Black Panther: World of Wakanda

Review:

Black Panther: World of Wakanda (2016-) #1 - Ta-Nehisi Coates,Alitha Martinez,Yona Harvey,Afua Richardson,Roxane Gay

I have been excited and anticipating this ever since it was announced that Roxane Gay was going to be a writer for this comic and it did not disappoint.

“YOU DESERVED SO MUCH MORE, LITTLE FLOWER. YOU DESERVED A WAKANDA THAT CHERISHED YOU.” Writer ROXANE GAY (Bad Feminst, Hunger) spins a Wakandan love story — its tenderness matched only by its brutality. You know them now as The Midnight Angels, but in this story they are just Ayo and Aneka, young women recruited to become Dora Milaje, an elite task force trained to protect the crown at all costs. What happens when your nation needs your hearts and minds, but you already gave them to each other? Illustrated by industry veteran ALITHA E. MARTINEZ (Iron Man, Black Panther). And in a special backup story, acclaimed poet YONA HARVEY (Hemming the Water) explores the true origins of The People’s mysterious leader Zenzi. Black Panther thinks he knows who Zenzi is and how she got her powers, but he only knows part of the story… Illustrated by rising star AFUA RICHARDSON (Genius).

It’s only one issue and I don’t read Black Panther, so I  was a little lost going in. I’d had no previous knowledge of the women guards and warriors of Wakanda, which might be one of my favorite things ever, and I had no idea who Zenzi is or what her future significance may be.

I usually prefer to read volumes because a single issue like this is such a TEASE. It introduces the characters mentioned above as well as some others, who are all interesting and the players all seem to be in place for the plot that is to come but now I have to wait a whole month for the next installment and the wait is going to drive me nuts.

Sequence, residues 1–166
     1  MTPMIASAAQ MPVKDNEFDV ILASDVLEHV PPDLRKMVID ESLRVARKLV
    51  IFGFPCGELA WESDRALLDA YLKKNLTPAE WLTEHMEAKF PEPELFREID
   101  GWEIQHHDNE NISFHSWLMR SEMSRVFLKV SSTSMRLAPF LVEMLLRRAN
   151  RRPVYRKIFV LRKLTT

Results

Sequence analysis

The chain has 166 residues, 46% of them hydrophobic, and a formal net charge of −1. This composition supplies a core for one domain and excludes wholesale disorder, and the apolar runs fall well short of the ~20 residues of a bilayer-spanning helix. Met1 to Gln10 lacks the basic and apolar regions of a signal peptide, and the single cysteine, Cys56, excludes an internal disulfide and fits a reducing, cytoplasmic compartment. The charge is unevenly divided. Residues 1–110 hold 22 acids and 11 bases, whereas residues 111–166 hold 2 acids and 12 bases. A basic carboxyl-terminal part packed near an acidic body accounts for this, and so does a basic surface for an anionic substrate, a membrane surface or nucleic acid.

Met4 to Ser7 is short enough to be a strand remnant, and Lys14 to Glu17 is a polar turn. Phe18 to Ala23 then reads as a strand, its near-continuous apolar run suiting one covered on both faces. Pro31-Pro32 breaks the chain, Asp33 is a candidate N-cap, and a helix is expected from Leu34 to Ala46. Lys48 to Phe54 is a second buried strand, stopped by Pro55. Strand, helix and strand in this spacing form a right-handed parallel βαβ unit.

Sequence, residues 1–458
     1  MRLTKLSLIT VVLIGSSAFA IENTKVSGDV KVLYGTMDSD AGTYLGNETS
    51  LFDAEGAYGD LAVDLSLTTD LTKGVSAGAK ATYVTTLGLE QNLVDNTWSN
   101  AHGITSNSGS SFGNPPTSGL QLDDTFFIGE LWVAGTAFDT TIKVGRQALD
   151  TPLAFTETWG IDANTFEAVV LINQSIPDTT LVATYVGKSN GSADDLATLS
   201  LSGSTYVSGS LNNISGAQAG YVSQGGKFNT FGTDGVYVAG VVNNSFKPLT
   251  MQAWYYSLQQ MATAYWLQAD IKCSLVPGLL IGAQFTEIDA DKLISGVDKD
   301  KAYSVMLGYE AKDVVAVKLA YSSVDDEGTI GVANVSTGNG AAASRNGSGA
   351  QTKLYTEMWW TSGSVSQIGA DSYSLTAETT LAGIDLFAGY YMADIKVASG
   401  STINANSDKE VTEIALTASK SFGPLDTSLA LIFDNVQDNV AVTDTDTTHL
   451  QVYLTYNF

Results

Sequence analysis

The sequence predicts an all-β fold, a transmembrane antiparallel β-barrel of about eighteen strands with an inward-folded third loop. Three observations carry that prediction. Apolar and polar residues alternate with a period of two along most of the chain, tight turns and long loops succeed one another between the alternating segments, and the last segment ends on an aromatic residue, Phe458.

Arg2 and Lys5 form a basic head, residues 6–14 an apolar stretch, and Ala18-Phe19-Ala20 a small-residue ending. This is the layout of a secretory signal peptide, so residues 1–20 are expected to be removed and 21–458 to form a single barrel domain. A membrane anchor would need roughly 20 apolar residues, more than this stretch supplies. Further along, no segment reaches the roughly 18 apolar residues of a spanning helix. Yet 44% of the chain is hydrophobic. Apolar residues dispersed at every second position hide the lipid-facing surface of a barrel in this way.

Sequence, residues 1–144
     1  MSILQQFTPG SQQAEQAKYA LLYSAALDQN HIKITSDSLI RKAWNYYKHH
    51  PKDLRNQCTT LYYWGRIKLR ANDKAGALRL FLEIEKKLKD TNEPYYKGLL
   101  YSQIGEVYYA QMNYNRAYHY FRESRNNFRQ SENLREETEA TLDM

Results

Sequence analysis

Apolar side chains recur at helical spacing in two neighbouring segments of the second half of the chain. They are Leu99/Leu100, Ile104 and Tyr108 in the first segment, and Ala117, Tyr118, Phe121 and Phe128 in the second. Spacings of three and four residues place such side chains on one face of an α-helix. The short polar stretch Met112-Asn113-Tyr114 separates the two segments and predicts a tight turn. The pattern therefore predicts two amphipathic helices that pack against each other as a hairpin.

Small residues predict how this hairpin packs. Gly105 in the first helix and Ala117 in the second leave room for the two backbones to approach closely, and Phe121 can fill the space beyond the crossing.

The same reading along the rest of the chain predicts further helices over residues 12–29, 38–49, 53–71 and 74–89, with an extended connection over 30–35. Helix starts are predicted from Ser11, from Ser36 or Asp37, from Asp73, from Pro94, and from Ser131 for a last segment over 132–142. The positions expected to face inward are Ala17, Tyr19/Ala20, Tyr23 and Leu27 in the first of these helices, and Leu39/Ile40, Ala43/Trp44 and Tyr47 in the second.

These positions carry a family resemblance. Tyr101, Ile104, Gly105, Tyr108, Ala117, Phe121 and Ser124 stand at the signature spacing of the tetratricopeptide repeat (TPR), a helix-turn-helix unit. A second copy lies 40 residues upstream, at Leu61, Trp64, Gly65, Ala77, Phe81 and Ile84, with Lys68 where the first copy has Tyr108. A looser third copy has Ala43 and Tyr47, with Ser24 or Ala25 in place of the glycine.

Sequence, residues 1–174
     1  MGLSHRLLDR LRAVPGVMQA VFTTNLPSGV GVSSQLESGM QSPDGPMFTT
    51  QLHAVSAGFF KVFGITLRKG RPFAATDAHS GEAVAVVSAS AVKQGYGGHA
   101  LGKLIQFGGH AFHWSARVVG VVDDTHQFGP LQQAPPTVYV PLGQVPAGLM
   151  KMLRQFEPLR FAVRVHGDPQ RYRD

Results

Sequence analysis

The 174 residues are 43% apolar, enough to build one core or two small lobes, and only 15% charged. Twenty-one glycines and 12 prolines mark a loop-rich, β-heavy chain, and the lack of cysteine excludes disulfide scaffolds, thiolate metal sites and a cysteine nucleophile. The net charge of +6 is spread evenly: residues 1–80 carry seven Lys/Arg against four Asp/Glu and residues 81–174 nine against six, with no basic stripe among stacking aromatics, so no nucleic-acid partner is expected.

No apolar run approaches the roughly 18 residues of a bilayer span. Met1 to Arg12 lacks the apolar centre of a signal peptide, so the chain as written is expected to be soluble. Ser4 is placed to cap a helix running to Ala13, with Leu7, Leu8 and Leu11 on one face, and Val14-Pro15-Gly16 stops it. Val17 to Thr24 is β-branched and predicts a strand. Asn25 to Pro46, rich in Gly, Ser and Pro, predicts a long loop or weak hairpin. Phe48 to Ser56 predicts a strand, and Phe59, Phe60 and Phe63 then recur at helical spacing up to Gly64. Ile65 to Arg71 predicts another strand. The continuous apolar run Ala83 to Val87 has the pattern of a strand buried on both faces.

Okay, I’m gonna take a second and grab some air and then we’re going to  talk about this issue.

Art – of course, I love the art. I love the way the women are drawn. Beautiful and sexy but not sexualized. That may seem like splitting hairs, but there’s a difference. The face tattoos on Captain Aneka are gorgeous and I love her training outfit, though I’m not sure how functional a bandeau top is during a fight, even in training. The trainee outfits I totally get though. I also appreciated their musculature. I know some comics overdo it but these women are fighting to be elite warriors so they’re probably gonna have some superior musculature. I found the many different styles of dress and hair interesting and gorgeous. They’re quite different from what we’re used to seeing in the US, but this story doesn’t take place here, so that was obviously appropriate. Being nowhere near an expert on African styles, I’ll leave it at that.

Story – as I mentioned before, I had no idea who the Midnight Angels or any of the people mentioned in the back cover were, so I didn’t really have any expectations about how the characters would interact. I don’t want to spoil it for others like me, so I’ll say that I found it an interesting relationship to have in a book like this. Also, the whole concept of the Dora Milaje and the sisterhood is just awesome. I was a little lost when there were mentions of some war between the Avengers and the X-Men came in. That whole scene had me lost and I wasn’t really sure where it fit into the bigger story or if it’s just meant to place the timing of Ayo’s training.

I really appreciated the map coming into the piece on Zenzi. At first, I thought it was really a part of the comic, but then I realized it was the “backup story” mentioned in the back cover info. She’s an interesting character and I can’t wait to see how she plays into the World of Wakanda storyline.

I really enjoyed this comic and will be anxiously awaiting the next installment!  I couldn’t resist getting a physical copy for the first in this new series, which is also available at Amazon. I’m sure it will be available from the Book Depository once the first volume is out, but I’m not sure I’ll wait that long.

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